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|Title:||Perceived physical and psychosocial adaptations during the perinatal period in Palestinian women and men in a remote West Bank village : a qualitative study||Authors:||Hassan, Sahar
|Keywords:||Postnatal care - West Bank - Palestine;Women - Health and hygiene - West Bank - Palestine;Women's health services - West Bank - Palestine||Issue Date:||Aug-2017||Publisher:||The Lancet||Abstract:||Background Coverage and quality of postnatal care in the occupied Palestinian territory, and information about morbidities and challenges that families might face, remain inadequate despite its centrality to ensure maternal and infant health. In our planning of a postnatal home-visiting programme, we explored rural women’s and men’s views about physical and psychosocial adaptations before, during, and after childbirth in the Beit Liqya village situated in Area C (60% of the West Bank placed under undivided Israeli security and infrastructural control). Methods We undertook four focus groups with married women and one with married men of different ages in 2012, using an open-ended guide. Participants included 44 women (aged 21–70 years; nine were pregnant, four were childless, 31 were not pregnant and already had at least one child) and nine men (aged 24–71 years). Ethical approval was obtained and participants provided verbal consent. Data were analysed with thematic analysis. Findings The diversity of participants provided a rich perspective on societal changes. Five main themes emerged: transitions in men’s paternal and spousal roles and women’s lifestyles; the institutionalisation of childbirth; formally trained midwives and physicians replacing the village daya (a traditional birth attendant skilled through apprenticeship); psychosocial adaptation after birth; and views about health services. Nowadays, men participate more in pregnancy, childbirth, and post-partum family life than they previously did. However, the diet of women is reduced in nutrition; they are not as active during pregnancy because of reduced agricultural labour and are more focused on medical controls, such as frequent antenatal visits and laboratory tests. As noted by a woman that “[there are] too many antenatal visits, women do not eat breakfast, although there are many available options in houses these days, they eat unhealthy junk food”. The postpartum period was viewed as a crucial time for recovery with a need for strong family support. Female participants expressed a preference for female health-care providers. Interpretation Findings deepened our understanding of rural women’s and families’ needs and views regarding pregnancy, birth, and postpartum. Changes in the experiences of Palestinian women and men during the perinatal period should inform changes to policy and practices to tailor accessible and effective community programmes that are responsive to these families’ needs and of those in other marginalised populations.||URI:||http://hdl.handle.net/20.500.11889/5585||ISSN:||https://doi.org/10.1016/S0140-6736(17)32014-7|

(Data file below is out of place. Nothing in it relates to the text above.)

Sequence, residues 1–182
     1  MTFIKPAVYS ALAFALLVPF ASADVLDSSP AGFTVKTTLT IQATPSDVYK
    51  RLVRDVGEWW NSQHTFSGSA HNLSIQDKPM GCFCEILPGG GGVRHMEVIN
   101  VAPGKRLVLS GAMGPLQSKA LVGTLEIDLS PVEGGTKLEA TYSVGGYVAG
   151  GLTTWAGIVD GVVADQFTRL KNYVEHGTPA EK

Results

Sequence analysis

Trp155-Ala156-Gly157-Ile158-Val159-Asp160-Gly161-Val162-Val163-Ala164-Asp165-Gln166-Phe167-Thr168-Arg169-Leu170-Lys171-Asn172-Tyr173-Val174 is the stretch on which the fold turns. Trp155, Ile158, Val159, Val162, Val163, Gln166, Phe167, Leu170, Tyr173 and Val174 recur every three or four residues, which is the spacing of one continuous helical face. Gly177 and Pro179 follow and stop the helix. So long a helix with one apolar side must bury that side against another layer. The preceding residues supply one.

|Appears in Collections:||Fulltext Publications|
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